The bus took up it duties on the BEA route on the 1st June 1964 and continued to work the service for two years and 2 months, during this period it went on fortnight's trial to Halifax Corporation, but again no orders were generated.
It's use on the BEA service proved successful and eventually resulted in BEA ordering a fleet 65 front entrance Routemasters which were later classified RMA by London Transport. RMF1254 was de-licenced on 24th October 1966 shortly before the first of the new BEA vehicles were delivered, it was sold to Northern General a month later where it spent almost 14 years in service alongside Northern's own Routemasters.

Preserved RMF1254 front Preserved RMF1254 off-side
The preserved RMF1254 as it appeared at the 2006 EFE Showbus International Rally
A Brief History
Northern General Routemasters

   Following RMF1254's appearance at the Commercial Motor Show in 1962 it quickly became apparent that most operators viewed the Routemaster as too expensive or over complicated, the Leyland Atlantean and Daimler Fleetline were gaining support and offered a better option for any future driver only operations. Despite several trials no orders materialised until 1963 when to the surprise of many Northern General announced order for 50 front entrance Routemasters

The first batch of 18 buses, 2085-2102 (RCN685-702) began to arrive in March 1964, these were clearly based on the prototype vehicle but featured a number of modifications to meet Northern's own requirements.
Seating capacity was increased to 72 and a standard Northern two piece destination display was fitted at the front. The small front under canopy route number box was omitted while the standard London quarter drop window ventilators were replaced by sliding units, a single sealed unit also replaced the two piece opening divers windscreen.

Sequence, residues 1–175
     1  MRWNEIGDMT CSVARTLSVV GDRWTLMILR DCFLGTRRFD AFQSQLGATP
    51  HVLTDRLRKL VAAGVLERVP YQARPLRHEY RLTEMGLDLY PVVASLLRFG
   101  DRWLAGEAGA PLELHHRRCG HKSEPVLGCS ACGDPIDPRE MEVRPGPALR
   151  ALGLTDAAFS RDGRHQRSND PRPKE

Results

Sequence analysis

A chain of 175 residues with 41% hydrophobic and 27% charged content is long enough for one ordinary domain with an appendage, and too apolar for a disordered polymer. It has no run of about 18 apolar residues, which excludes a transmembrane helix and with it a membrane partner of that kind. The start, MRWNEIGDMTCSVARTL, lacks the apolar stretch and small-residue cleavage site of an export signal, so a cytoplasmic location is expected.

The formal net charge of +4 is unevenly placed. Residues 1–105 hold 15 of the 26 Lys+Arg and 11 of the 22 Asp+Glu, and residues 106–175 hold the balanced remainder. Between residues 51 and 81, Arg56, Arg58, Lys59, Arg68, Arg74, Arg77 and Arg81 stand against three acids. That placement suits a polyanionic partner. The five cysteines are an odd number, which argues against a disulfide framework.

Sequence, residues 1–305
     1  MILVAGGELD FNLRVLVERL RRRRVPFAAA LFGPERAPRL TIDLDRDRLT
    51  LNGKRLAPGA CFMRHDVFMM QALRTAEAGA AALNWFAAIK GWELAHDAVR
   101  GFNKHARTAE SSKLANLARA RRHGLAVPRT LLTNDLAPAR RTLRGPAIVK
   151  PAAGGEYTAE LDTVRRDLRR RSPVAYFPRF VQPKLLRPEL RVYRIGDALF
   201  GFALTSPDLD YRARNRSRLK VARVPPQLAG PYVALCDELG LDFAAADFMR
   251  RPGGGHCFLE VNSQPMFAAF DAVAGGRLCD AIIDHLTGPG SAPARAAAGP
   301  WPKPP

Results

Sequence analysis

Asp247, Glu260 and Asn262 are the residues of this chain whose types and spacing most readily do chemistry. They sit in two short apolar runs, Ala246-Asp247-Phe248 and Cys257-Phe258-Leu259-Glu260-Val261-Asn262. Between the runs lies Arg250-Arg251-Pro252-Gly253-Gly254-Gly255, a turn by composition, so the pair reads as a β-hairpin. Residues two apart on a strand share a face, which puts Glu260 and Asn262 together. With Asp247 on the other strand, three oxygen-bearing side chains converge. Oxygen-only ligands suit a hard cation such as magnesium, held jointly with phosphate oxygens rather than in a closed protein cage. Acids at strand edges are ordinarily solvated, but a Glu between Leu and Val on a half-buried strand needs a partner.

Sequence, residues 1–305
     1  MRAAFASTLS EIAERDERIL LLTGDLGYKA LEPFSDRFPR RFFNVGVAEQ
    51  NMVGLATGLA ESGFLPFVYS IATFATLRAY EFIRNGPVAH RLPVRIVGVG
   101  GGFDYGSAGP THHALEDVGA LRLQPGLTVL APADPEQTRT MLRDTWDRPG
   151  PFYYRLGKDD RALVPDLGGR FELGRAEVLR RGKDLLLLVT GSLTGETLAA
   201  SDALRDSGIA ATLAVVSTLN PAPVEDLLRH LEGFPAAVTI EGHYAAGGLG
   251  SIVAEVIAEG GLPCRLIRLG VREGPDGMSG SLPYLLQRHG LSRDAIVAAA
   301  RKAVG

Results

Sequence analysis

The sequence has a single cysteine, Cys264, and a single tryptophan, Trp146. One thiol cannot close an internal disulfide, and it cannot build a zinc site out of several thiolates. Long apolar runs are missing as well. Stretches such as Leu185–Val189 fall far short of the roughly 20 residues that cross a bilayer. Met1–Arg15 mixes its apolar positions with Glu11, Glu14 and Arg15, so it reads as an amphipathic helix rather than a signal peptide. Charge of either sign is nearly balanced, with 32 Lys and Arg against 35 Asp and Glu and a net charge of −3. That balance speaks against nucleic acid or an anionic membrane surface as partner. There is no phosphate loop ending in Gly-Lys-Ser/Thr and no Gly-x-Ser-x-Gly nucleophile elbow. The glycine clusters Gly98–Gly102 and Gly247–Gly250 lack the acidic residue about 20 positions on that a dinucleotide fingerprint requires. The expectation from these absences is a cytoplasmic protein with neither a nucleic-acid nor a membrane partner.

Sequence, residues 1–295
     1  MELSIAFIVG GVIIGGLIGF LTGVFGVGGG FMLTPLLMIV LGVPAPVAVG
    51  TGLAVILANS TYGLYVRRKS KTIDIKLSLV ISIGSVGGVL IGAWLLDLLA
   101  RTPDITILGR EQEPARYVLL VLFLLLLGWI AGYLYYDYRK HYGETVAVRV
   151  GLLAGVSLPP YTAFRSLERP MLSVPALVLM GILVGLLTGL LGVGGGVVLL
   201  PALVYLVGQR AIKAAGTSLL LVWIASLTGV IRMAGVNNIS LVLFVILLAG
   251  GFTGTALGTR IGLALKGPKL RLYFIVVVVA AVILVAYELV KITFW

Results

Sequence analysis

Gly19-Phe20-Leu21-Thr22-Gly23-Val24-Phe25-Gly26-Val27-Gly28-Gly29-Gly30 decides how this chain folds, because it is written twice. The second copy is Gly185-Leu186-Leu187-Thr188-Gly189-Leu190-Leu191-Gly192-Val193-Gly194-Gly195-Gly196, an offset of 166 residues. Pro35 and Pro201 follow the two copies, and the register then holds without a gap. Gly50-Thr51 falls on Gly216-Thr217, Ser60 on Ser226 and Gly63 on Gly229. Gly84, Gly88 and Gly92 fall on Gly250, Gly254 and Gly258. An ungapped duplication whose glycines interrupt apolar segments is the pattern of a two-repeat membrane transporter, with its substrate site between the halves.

Theses buses were delivered with the deep air intakes below the front destination and had brake cooling grilles in the front headlamp panels. Under the skin there were also several mechanical changes including the fitting of a Leyland engine in place of the standard AEC unit.
The first vehicles entered service on the 1st May from the Bensham and Chester-Le_Street depots.

The second and final batch of 32, 2103-2134 (BUP249B, EUP404-407B, FPT578-604C) were delivered between October 1964 and June 1965, these buses had a few superficial changes on the outside that reflected the developments made to the London vehicles. The front air intake grille was reduced in size, allowing the cantrail to continue unbroken across the front. The intake grilles for the brakes were also panelled over on the front headlamp panels.
The new deliveries resulted in two further depots, Consett and Sunderland gaining allocations of the type.